At present, I am just writing for my blog, Armand’s Rancho Del Cielo and contributing to Monster Island News and working on an updated The Monster Movie Fan’s Guide To Japan.

It appears that Godzilla is a hit and plans are in progress for a sequel. I am guessing that Godzilla as a franchise in America will last about 2-3 movies, provided they don’t muck it up. If they have engaging stories, interesting monster foes for Godzilla to fight and great special effects, the franchise should last several movies. Why not? This may also spur Toho to get back into the kaiju game again. But I think the days of suitmation may be over, or more limited in Japan. Toho demolished their Big Pool during the past ten years, so they will probably go the CGI route.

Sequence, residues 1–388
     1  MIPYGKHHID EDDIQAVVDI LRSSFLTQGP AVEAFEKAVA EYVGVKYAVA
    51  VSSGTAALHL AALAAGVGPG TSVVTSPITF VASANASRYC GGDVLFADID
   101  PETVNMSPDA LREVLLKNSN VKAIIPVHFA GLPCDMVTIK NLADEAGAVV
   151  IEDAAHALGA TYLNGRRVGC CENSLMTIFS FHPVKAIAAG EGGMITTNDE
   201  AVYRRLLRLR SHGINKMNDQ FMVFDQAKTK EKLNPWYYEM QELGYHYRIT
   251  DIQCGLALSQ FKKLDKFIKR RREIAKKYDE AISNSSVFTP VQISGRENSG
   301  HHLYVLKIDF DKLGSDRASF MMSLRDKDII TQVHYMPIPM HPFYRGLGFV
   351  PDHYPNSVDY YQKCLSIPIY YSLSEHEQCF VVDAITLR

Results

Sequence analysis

I think they should let Legendary Pictures and Warner Bros. carry the “Godzilla ball” for now and concentrate on reviving their other monsters such as Rodan and Mothra with a combination of models, suits and CGI. Or come up with new monster characters.

Thanks Armand! You can check out Armand’s Rancho Del Cielo for informative updates on Godzilla fandom, California politics, and more, and order The Monster Movie Fan’s Guide to Japan from his website or at Amazon Kindle!


Dissecting Divergent

Dissecting Divergent